Can child custody rights be modified?

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Jeffrey Johnson is a legal writer with a focus on personal injury. He has worked on personal injury and sovereign immunity litigation in addition to experience in family, estate, and criminal law. He earned a J.D. from the University of Baltimore and has worked in legal offices and non-profits in Maryland, Texas, and North Carolina. He has also earned an MFA in screenwriting from Chapman Univer...

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UPDATED: Jul 14, 2021

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Child custody rights can be modified under specific circumstances. The ability to modify custody rights will depend on whether the two parents agree that a change needs to be made to a custody agreement or, absent agreement, whether the court believes that there has been a material change of circumstances and that the best interest of the child dictates that a custody change needs to be made.

How Can Custody Rights Be Changed?

The simplest and easiest way to change a custody agreement is to have both parents agree on the change. If you cannot come to an agreement by working with the other parent, then working with a mediator may help. An independent third party mediator can help you and the other parent work out a settlement and come up with a custody arrangement that works and is reasonable.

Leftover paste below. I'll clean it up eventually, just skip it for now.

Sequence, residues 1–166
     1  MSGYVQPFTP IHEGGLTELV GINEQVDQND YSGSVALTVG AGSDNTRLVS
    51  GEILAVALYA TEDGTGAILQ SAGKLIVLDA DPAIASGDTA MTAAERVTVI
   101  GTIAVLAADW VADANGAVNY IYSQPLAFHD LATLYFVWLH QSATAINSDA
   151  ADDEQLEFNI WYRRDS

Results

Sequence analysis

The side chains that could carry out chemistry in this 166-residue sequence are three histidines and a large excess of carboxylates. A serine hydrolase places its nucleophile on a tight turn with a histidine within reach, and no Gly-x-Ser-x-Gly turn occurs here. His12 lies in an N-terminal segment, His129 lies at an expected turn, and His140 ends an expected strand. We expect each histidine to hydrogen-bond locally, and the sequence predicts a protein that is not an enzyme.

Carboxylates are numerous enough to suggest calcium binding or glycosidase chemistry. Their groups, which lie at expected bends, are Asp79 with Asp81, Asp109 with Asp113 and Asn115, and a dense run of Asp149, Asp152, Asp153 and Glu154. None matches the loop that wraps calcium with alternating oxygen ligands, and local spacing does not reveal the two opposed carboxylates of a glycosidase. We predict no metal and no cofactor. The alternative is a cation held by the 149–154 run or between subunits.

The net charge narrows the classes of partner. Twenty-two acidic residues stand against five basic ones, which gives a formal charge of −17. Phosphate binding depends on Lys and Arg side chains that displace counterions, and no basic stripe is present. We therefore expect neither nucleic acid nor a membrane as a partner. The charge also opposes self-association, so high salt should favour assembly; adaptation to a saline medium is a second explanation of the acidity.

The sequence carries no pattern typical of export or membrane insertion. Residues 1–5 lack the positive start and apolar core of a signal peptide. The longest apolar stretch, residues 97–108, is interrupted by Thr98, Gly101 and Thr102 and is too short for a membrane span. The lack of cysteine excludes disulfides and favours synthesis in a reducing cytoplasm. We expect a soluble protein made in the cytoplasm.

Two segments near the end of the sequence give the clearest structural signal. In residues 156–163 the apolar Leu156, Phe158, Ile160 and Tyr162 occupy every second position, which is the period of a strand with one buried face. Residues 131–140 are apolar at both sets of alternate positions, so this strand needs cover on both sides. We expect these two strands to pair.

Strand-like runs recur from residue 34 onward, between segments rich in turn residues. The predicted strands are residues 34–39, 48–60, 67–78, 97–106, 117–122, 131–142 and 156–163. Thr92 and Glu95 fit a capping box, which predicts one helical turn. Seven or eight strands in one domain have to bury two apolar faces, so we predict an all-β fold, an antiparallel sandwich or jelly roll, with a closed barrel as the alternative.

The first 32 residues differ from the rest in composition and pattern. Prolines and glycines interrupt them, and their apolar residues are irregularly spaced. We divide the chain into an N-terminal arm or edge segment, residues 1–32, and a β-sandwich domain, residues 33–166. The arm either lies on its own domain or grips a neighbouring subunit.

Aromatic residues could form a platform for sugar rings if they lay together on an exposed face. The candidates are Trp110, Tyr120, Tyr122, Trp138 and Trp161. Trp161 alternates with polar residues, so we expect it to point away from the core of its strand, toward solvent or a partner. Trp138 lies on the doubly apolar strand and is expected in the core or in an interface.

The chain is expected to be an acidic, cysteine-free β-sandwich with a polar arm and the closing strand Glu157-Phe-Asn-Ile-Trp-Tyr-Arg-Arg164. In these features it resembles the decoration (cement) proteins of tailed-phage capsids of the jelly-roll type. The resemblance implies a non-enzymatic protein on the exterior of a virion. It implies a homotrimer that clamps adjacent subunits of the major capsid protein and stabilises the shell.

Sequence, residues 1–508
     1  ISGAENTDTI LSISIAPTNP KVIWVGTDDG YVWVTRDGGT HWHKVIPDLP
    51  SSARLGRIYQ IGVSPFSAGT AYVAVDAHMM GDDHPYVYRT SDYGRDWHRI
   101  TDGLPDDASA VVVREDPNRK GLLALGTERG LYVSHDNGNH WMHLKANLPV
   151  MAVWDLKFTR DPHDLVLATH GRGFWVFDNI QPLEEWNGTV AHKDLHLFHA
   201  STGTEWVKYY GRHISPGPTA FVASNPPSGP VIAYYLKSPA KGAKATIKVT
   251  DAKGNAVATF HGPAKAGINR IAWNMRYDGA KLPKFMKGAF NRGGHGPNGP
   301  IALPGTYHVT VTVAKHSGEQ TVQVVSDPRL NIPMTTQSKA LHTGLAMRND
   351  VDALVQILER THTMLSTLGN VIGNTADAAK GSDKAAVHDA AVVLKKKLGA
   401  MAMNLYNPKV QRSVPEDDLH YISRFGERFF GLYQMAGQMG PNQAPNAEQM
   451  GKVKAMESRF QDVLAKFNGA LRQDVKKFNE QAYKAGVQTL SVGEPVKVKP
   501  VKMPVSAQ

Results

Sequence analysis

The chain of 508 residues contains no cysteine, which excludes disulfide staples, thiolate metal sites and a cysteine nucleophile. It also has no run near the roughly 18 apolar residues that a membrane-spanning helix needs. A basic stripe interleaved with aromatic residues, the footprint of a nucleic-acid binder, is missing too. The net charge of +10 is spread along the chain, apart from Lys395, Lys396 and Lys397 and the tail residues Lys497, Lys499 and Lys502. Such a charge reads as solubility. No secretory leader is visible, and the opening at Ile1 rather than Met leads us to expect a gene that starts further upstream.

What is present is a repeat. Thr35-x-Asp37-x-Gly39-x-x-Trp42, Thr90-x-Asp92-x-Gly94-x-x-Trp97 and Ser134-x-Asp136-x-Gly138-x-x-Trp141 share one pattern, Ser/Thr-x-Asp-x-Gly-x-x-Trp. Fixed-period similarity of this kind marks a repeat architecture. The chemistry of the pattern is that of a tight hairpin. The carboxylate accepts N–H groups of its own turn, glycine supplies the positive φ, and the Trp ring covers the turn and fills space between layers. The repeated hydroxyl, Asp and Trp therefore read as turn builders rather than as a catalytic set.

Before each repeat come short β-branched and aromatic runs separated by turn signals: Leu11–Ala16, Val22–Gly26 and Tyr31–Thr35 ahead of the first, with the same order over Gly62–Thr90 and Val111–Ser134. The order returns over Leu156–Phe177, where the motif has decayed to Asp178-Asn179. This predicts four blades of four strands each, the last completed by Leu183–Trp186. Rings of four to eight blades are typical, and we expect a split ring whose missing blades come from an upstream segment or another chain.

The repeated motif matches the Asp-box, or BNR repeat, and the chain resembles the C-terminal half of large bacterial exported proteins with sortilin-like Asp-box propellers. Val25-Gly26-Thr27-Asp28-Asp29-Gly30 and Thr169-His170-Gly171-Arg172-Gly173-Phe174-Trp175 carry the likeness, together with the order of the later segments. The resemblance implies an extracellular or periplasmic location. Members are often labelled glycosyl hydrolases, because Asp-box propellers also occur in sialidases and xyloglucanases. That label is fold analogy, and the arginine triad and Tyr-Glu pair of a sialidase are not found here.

When Agreement between Parents Is Not Possible

If differences cannot be settled, the next step is to turn to the courts for help. Most states have a waiting period after the initial custody agreement has been formalized during which they will not make a change unless there is a very compelling reason to do so. For example, some states will not alter custody rights within two years of the agreement being finalized unless there is some danger to the child, abuse, neglect or some other circumstance that indicates that a custody change must be made immediately.

Otherwise, provided a sufficient time period has passed, changing the custody agreement will require showing that there has been a material change in circumstances. Examples of such a material change include one parent becoming better equipped to care for the child (perhaps by overcoming a problem like addiction or lack of employment) or one parent becoming less equipped to provide care. One parent deciding to move to a new location (usually one that is 100 miles away or more) could also be considered a material change.

When a material change has occurred, the court will make a decision on whether custody rights should be changed by considering the best interests of the child, just as they did when custody was first decided.

If you need to make a change to your custody arrangement, consider contacting a lawyer. Your attorney can help you petition for a change and convince the court that a new custody agreement is necessary. The attorney can advise you on how the local courts look at what kind of circumstances changed to warrant a modification to custody and visitation orders involving a child.

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